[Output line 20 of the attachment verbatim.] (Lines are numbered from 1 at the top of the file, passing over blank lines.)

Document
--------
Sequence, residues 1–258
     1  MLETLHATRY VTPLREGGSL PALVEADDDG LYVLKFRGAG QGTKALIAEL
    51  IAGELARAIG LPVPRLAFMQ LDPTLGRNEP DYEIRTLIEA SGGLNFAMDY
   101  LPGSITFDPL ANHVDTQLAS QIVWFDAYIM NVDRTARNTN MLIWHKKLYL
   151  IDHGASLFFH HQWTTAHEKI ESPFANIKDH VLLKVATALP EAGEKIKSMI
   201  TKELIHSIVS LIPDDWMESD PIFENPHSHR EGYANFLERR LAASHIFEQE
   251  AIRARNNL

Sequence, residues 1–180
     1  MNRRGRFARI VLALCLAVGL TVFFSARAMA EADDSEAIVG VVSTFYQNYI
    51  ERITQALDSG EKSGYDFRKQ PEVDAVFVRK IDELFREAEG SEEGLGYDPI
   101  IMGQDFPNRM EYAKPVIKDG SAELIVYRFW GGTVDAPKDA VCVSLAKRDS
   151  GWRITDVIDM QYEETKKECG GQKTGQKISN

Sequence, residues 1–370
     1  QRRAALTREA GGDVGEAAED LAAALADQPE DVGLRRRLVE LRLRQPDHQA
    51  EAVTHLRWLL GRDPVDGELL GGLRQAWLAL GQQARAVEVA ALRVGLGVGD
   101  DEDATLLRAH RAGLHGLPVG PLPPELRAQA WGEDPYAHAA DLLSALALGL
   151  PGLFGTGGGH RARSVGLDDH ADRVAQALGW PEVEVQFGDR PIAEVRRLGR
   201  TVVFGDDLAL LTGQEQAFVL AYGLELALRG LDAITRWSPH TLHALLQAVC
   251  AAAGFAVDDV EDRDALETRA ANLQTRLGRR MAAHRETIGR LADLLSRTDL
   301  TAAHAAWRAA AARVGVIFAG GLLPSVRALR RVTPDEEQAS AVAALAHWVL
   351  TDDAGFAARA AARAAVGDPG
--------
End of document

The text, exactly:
   301  TAAHAAWRAA AARVGVIFAG GLLPSVRALR RVTPDEEQAS AVAALAHWVL